What is Rituzena and what is it used for?

Rituzena is a medicine used in adults to treat the following blood cancers and inflammatory conditions:

  • follicular lymphoma and diffuse large B cell non-Hodgkin’s lymphoma (two types of non-Hodgkin’s lymphoma, a blood cancer);
  • chronic lymphocytic leukaemia (CLL, another blood cancer affecting white blood cells);
  • granulomatosis with polyangiitis (GPA or Wegener’s granulomatosis) and microscopic polyangiitis (MPA), which are inflammatory conditions of the blood vessels.

Depending on the condition it is used to treat, Rituzena may be given with chemotherapy (other cancer medicines) or medicines used for inflammatory disorders (corticosteroids). Rituzena contains the active substance rituximab.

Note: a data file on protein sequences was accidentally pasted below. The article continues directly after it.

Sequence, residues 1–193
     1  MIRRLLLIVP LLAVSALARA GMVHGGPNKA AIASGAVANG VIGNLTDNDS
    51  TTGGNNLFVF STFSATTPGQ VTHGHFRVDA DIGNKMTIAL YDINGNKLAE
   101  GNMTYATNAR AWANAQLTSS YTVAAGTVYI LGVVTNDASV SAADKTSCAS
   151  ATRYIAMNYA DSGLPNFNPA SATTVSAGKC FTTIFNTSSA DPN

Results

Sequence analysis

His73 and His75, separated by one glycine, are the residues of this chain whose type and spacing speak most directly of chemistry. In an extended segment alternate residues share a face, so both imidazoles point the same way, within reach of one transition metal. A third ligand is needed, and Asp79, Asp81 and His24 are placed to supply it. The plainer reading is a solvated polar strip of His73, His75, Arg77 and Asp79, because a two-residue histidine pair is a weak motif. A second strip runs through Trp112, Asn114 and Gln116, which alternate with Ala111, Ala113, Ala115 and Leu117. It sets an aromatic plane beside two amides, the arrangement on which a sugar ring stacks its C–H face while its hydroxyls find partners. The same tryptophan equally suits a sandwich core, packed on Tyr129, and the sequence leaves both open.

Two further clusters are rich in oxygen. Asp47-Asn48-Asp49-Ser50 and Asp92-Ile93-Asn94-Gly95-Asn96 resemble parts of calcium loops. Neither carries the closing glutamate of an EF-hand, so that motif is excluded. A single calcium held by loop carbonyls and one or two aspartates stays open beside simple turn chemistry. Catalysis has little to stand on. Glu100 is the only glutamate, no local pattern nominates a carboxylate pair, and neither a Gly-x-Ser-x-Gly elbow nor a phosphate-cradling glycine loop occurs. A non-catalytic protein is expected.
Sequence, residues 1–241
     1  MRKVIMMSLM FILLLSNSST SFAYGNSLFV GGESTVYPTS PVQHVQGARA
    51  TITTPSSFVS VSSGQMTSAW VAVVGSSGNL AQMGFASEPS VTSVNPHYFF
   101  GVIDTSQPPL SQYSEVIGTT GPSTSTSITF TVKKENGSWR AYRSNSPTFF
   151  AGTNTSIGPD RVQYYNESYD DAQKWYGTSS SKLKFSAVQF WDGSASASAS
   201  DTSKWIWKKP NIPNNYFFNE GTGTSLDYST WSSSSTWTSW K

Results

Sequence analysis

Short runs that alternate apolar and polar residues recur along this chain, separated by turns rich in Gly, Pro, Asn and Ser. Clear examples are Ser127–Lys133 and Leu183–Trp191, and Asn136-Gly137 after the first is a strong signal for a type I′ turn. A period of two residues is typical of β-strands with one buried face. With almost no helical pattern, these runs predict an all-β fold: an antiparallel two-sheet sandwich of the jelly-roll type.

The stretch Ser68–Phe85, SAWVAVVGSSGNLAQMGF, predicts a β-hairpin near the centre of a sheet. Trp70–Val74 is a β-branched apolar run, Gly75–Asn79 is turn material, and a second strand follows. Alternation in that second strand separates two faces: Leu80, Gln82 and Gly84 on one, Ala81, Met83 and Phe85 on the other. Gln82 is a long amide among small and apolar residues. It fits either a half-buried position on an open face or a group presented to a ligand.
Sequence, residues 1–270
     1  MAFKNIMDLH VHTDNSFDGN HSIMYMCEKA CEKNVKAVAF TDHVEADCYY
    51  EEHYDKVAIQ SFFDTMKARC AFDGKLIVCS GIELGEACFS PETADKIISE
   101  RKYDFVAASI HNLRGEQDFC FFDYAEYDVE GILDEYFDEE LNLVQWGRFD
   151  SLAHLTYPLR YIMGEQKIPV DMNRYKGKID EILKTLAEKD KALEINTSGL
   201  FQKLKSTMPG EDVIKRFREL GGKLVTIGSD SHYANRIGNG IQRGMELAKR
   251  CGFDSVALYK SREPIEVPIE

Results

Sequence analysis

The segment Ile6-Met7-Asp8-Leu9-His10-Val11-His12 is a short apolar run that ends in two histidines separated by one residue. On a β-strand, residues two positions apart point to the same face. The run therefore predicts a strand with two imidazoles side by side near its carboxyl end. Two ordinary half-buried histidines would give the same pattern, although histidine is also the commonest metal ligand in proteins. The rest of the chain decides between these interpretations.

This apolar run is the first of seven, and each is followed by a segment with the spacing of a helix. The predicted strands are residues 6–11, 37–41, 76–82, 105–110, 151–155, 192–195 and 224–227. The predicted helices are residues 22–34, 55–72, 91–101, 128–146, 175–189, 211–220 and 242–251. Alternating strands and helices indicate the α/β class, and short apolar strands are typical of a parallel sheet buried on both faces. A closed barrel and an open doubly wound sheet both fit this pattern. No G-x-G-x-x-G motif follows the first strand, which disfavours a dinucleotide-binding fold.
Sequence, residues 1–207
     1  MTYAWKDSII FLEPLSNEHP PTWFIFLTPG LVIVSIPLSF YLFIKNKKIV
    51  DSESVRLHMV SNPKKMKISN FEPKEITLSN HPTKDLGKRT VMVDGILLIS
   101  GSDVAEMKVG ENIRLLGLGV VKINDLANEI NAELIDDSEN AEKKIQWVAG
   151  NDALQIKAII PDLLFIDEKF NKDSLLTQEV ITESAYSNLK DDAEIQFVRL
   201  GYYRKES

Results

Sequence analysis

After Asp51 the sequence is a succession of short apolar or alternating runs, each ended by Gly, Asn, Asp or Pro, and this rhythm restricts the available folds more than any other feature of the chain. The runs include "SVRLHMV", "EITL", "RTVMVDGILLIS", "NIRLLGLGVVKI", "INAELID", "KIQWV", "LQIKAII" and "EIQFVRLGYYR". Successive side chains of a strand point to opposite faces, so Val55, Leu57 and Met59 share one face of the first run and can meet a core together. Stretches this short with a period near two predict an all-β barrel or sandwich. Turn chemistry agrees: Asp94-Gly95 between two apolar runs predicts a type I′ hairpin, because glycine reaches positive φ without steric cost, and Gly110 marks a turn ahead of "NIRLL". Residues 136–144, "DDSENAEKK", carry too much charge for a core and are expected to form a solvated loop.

Rituzena is a ‘biosimilar medicine’. This means that Rituzena is highly similar to a biological medicine (also known as the ‘reference medicine’) that is already authorised in the European Union (EU). The reference medicine for Rituzena is MabThera.

How is Rituzena used?

Rituzena can only be obtained with a prescription. It is available as a concentrate for making a solution that must be given by infusion (drip) into a vein. Before each infusion, the patient should be given an antihistamine (to prevent allergic reactions) and an anti-pyretic (a medicine to reduce fever). Rituzena should be given under the close supervision of an experienced healthcare professional and in a place where facilities for resuscitating patients are immediately available.

For further information, see the package leaflet.

How does Rituzena work?